The Boatman and Welcoming Disaster (1974) complete Macpherson's poetical oeuvre. In 1981 the two books were published together, along with other poems, as Poems Twice Told. Macpherson is also the author of a scholarly study, The Spirit of Solitude: Conventions and Continuities in Late Romance (1982), that includes a remarkable essay about the Canadian achievement in romance literature titled "This Swan Neck of the Woods." Here she explains that "Canadian literature is without strong individual characters on the whole, being much more forceful in its presentation of settings. Man appears rather generalized: what has character is the wilderness, the city, the snow, the sea."
Macpherson taught for many years at Victoria College in the University of Toronto, where, influenced by the literary critic Northrop Frye, she in turn influenced the poet and writer Margaret Atwood. For some years Macpherson was grouped with the poet and dramatist James Reaney and the poet Daryl Hine and was considered to be a leading member of a so-called mythopoeic school of writers led by Frye. The association did not win readers, but at least it drew attention to her work in respectable places. For instance, Macpherson and Hine are the only two Canadian poets listed by Harold Bloom in his influential Western Canon.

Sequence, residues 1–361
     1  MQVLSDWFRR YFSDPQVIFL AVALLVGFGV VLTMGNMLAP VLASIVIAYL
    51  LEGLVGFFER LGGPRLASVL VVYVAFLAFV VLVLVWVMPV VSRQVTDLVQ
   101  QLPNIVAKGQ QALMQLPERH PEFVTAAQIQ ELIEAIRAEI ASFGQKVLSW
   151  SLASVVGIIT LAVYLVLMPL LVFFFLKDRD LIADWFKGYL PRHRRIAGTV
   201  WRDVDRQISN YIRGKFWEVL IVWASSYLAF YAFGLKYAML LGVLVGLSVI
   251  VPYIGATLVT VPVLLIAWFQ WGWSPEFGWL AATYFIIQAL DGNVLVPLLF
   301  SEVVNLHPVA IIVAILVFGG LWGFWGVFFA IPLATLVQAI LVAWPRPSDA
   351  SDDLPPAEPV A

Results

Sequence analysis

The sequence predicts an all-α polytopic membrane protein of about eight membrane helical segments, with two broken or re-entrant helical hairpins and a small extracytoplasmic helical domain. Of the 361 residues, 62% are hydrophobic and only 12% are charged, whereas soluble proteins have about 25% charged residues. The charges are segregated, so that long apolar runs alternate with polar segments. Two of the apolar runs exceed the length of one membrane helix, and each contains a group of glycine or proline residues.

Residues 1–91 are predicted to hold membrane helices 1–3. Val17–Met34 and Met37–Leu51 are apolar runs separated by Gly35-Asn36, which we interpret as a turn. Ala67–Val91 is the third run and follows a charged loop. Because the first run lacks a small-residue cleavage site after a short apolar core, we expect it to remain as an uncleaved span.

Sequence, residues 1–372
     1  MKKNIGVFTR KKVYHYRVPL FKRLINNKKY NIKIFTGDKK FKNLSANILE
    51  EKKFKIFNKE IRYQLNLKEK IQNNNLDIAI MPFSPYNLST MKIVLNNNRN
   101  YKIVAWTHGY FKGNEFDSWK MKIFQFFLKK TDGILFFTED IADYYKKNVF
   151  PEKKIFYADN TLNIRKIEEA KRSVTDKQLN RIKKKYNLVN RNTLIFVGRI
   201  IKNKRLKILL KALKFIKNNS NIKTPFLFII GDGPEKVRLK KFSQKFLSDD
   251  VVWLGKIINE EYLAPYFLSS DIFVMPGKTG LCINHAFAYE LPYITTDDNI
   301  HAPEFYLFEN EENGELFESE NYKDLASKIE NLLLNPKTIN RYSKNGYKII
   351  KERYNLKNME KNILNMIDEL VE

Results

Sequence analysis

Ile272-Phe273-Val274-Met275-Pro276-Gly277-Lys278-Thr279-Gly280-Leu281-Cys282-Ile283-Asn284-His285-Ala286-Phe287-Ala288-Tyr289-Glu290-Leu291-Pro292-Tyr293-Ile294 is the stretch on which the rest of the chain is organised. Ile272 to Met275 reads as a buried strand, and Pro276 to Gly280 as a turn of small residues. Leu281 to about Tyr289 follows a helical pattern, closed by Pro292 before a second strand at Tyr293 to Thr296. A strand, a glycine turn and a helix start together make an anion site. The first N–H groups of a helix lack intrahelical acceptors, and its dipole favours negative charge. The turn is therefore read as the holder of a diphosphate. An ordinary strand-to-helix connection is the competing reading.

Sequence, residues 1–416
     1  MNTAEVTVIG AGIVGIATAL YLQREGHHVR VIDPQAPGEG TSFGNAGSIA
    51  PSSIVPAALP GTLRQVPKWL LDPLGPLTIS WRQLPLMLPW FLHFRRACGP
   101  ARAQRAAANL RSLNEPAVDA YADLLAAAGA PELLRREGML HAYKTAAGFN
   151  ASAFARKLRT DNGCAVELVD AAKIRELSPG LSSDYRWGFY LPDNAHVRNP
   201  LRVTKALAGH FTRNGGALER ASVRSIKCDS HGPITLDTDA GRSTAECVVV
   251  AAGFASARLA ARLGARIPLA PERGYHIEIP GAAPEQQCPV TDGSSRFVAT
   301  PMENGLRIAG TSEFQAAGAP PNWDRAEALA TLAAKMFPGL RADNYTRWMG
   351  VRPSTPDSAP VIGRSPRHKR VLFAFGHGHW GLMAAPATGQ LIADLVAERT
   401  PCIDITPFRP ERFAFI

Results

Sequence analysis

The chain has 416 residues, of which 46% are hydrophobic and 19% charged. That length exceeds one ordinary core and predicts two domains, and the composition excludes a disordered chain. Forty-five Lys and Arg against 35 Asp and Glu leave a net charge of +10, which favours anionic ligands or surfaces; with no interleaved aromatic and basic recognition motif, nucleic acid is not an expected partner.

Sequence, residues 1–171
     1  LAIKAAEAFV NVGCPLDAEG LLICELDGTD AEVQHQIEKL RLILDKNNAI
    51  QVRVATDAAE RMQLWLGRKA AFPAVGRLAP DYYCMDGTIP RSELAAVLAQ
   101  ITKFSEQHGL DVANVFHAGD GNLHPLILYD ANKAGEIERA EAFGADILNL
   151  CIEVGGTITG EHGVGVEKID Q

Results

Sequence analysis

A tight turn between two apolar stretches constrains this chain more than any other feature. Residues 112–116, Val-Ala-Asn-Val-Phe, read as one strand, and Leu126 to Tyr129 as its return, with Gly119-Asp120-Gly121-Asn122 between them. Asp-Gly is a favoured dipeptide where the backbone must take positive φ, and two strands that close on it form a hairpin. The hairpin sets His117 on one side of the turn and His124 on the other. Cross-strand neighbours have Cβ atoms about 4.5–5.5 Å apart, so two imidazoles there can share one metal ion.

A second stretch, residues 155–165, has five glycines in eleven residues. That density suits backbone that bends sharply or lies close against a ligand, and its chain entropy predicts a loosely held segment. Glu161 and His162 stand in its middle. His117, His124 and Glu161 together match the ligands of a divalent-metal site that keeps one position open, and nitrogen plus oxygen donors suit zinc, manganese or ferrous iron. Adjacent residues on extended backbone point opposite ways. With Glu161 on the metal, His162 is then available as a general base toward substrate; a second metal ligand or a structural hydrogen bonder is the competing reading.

—A.J.M. Smith and
John Robert Colombo
"Macpherson, (Jean) Jay." Contemporary Poets. . Encyclopedia.com. (January 22, 2019). https://www.encyclopedia.com/arts/culture-magazines/macpherson-jean-jay
"Macpherson, (Jean) Jay." Contemporary Poets. . Retrieved January 22, 2019 from Encyclopedia.com: https://www.encyclopedia.com/arts/culture-magazines/macpherson-jean-jay
Encyclopedia.com gives you the ability to cite reference entries and articles according to common styles from the Modern Language Association (MLA), The Chicago Manual of Style, and the American Psychological Association (APA).
Within the “Cite this article” tool, pick a style to see how all available information looks when formatted according to that style. Then, copy and paste the text into your bibliography or works cited list.
Because each style has its own formatting nuances that evolve over time and not all information is available for every reference entry or article, Encyclopedia.com cannot guarantee each citation it generates. Therefore, it’s best to use Encyclopedia.com citations as a starting point before checking the style against your school or publication’s requirements and the most-recent information available at these sites:
Modern Language Association
The Chicago Manual of Style
American Psychological Association
- Most online reference entries and articles do not have page numbers. Therefore, that information is unavailable for most Encyclopedia.com content. However, the date of retrieval is often important. Refer to each style’s convention regarding the best way to format page numbers and retrieval dates.
- In addition to the MLA, Chicago, and APA styles, your school, university, publication, or institution may have its own requirements for citations. Therefore, be sure to refer to those guidelines when editing your bibliography or works cited list.